A rapist was sentenced to 60 years in prison by a D.C. Superior Court judge who said the victim’s testimony was perhaps the “most harrowing this court has ever heard.”
Antwon Pitt, now 22, who came to symbolize the threat of violent repeat offenders, could spend the rest of his life behind bars.
Judge Florence Pan delivered the sentence Friday morning after listening to statements from the victim and her husband.
The victim, a 41-year-old college professor, approached the prosecutors’ table and took a deep breath before starting to speak. She then described what happened on the afternoon of Oct. 13, 2015.
Pitt entered her home in the District’s Hill East neighborhood through an unlocked door and slammed her against a wall. He grabbed her by the throat, dragged her across the wood floor and threw her on the bed, where he raped her.
“I wanted to live, so I stopped fighting,” she said. “I went limp.”
She said she believed that Pitt, who is 6-foot-5, had the ability to “kill with his bare hands.” She thought she would never again see her husband or her young daughters.
She wondered whether Pitt would dump her body somewhere after he killed her. Maybe, she thought, her family would never find out what happened.
After the attack, the woman underwent surgery to repair fractures in her cheekbone and an eye socket. The jury saw photographs of her battered and swollen face.
Doctors found blood in her trachea. Even now, she cannot sing in her normal vocal range. The punches to her face left a floater in her right eye. It is a constant and persistent reminder of the attack, she said.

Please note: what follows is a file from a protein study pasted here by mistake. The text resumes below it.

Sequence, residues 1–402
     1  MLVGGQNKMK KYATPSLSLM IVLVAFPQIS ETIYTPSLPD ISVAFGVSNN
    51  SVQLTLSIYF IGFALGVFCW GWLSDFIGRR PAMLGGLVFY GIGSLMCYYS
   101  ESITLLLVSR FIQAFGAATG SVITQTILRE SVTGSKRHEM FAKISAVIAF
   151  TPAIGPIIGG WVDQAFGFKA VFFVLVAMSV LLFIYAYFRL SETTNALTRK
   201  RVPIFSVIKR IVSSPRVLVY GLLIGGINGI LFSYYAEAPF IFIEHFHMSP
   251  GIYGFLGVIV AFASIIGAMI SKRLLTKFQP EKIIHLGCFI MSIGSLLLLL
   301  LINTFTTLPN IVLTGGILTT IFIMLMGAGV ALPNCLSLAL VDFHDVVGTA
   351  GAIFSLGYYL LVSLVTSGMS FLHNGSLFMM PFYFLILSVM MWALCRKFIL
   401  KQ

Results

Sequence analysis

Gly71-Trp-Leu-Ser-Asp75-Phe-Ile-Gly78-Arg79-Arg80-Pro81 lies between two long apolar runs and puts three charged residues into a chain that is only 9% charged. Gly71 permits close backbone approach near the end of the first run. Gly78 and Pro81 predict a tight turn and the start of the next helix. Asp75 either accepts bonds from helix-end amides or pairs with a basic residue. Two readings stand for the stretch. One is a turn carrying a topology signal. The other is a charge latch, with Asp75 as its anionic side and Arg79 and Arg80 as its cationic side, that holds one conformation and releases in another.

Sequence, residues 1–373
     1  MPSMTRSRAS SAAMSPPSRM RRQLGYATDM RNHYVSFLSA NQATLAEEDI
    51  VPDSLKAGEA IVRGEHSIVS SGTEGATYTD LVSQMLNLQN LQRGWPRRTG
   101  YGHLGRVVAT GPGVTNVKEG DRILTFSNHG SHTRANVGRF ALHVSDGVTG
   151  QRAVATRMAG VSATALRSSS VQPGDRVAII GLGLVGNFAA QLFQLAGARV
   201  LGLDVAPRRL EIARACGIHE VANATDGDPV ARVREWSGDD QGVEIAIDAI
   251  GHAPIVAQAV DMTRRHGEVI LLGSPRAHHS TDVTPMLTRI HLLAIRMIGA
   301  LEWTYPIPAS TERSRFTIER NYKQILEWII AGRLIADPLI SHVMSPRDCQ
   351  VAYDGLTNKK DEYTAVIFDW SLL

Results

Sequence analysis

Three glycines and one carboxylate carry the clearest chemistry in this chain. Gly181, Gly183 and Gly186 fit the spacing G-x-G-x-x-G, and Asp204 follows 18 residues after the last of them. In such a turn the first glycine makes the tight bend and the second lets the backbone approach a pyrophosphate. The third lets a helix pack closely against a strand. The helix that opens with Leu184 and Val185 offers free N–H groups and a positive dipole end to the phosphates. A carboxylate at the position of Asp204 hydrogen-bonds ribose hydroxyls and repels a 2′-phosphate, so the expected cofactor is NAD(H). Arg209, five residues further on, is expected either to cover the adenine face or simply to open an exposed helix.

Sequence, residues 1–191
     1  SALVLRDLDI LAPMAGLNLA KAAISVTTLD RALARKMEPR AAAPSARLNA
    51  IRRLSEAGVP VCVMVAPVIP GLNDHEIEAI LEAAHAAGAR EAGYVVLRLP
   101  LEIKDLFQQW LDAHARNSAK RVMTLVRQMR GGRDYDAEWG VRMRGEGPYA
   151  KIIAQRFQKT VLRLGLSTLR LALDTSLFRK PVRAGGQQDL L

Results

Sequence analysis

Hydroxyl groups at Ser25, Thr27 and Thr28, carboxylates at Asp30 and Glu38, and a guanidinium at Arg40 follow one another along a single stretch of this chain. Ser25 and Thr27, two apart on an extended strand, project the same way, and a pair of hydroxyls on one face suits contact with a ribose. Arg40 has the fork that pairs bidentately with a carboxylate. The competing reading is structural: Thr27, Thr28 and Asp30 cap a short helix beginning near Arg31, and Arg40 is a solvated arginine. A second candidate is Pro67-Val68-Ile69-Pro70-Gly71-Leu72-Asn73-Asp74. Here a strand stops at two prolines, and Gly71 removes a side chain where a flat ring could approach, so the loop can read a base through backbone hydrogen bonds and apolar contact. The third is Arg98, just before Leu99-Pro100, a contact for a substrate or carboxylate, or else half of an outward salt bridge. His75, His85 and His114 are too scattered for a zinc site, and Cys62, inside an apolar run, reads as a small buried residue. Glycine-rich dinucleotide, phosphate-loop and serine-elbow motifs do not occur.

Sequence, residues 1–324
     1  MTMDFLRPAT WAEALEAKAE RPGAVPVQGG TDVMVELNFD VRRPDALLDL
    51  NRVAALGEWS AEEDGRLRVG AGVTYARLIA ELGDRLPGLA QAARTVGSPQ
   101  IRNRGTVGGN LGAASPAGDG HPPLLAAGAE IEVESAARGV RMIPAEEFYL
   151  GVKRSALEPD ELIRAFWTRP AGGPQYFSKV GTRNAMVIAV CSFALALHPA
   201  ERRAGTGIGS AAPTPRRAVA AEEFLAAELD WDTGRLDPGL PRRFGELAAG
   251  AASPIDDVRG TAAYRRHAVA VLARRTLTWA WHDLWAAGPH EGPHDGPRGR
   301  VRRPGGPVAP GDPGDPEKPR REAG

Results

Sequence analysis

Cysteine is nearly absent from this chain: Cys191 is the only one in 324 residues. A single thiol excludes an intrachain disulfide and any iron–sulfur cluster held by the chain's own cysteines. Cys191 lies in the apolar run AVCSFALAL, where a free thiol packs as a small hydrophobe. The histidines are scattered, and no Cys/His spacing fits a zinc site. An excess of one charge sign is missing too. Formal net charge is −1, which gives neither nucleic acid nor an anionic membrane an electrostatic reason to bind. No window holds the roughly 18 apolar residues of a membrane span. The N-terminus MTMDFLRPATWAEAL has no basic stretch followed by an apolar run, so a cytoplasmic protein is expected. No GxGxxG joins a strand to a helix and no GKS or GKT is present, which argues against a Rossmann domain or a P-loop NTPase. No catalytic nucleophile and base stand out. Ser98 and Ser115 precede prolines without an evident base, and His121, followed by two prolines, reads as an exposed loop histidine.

She has spent hours talking to a trauma therapist. Her marriage has been strained. It is difficult to speak about their struggles, she said.
The victim’s husband said the entire family — including their two young daughters — has been victimized by Pitt.
“Torture is not too strong a word to describe what Antwon Pitt has done to each of us,” he said.
The victim had to take HIV-prevention medication because of possible exposure during the sexual assault. She had to stop breast-feeding their younger daughter, who was just over a year old at the time of the attack. The sudden weaning caused the baby to cry and scream for hours before falling asleep.
“This is what Antwon Pitt did to her,” the husband said.
On the day of the assault, the husband said, he was late to pick up their older daughter from elementary school. She was the last child waiting there. He told her that her mother had been hurt.
Her mother’s bruised face was nearly unrecognizable. The family moved out of their home temporarily to escape the scene of the crime. The temporary move became permanent. The older child, now 5, did not adjust well and became withdrawn.
“This is what Antwon Pitt did to her,” the husband repeated.
As for the husband, the anguish and frustration built up. His temper grew shorter. His patience was gone.
Last winter, he punched a piece of furniture. The injury to his hand required surgery. “That is what Antwon Pitt did to me,” he said.
The husband also referred to numerous other individuals victimized by Pitt, saying it would be no exaggeration to say he has a “lifelong history of violence.”
The Washington Post has written extensively about Pitt’s journey through the criminal justice system in the District and his earlier predatory sexual behavior.